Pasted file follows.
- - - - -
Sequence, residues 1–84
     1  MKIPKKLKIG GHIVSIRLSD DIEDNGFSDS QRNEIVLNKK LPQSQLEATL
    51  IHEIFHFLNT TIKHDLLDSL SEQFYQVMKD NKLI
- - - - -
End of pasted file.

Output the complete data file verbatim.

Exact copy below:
Sequence, residues 1–84
     1  MKIPKKLKIG GHIVSIRLSD DIEDNGFSDS QRNEIVLNKK LPQSQLEATL
    51  IHEIFHFLNT TIKHDLLDSL SEQFYQVMKD NKLI